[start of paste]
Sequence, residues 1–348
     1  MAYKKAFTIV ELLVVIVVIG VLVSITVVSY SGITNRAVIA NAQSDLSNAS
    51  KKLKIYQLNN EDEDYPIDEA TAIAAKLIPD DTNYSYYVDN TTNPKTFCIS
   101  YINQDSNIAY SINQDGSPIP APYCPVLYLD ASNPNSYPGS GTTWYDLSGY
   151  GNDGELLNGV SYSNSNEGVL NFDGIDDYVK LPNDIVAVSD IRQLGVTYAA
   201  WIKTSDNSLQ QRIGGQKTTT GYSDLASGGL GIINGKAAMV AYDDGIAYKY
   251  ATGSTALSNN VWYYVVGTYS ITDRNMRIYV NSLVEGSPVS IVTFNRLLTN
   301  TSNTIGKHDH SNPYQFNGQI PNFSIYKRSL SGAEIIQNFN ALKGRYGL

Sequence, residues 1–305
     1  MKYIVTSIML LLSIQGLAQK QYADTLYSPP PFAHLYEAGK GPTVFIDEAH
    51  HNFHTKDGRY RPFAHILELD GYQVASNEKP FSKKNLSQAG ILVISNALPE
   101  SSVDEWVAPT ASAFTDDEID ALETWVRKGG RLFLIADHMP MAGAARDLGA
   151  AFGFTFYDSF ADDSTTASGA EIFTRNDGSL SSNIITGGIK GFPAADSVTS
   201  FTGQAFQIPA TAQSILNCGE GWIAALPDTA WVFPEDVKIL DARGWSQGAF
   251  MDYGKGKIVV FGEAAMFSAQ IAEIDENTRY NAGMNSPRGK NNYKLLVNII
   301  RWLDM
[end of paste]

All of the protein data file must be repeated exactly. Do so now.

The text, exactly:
Sequence, residues 1–348
     1  MAYKKAFTIV ELLVVIVVIG VLVSITVVSY SGITNRAVIA NAQSDLSNAS
    51  KKLKIYQLNN EDEDYPIDEA TAIAAKLIPD DTNYSYYVDN TTNPKTFCIS
   101  YINQDSNIAY SINQDGSPIP APYCPVLYLD ASNPNSYPGS GTTWYDLSGY
   151  GNDGELLNGV SYSNSNEGVL NFDGIDDYVK LPNDIVAVSD IRQLGVTYAA
   201  WIKTSDNSLQ QRIGGQKTTT GYSDLASGGL GIINGKAAMV AYDDGIAYKY
   251  ATGSTALSNN VWYYVVGTYS ITDRNMRIYV NSLVEGSPVS IVTFNRLLTN
   301  TSNTIGKHDH SNPYQFNGQI PNFSIYKRSL SGAEIIQNFN ALKGRYGL

Sequence, residues 1–305
     1  MKYIVTSIML LLSIQGLAQK QYADTLYSPP PFAHLYEAGK GPTVFIDEAH
    51  HNFHTKDGRY RPFAHILELD GYQVASNEKP FSKKNLSQAG ILVISNALPE
   101  SSVDEWVAPT ASAFTDDEID ALETWVRKGG RLFLIADHMP MAGAARDLGA
   151  AFGFTFYDSF ADDSTTASGA EIFTRNDGSL SSNIITGGIK GFPAADSVTS
   201  FTGQAFQIPA TAQSILNCGE GWIAALPDTA WVFPEDVKIL DARGWSQGAF
   251  MDYGKGKIVV FGEAAMFSAQ IAEIDENTRY NAGMNSPRGK NNYKLLVNII
   301  RWLDM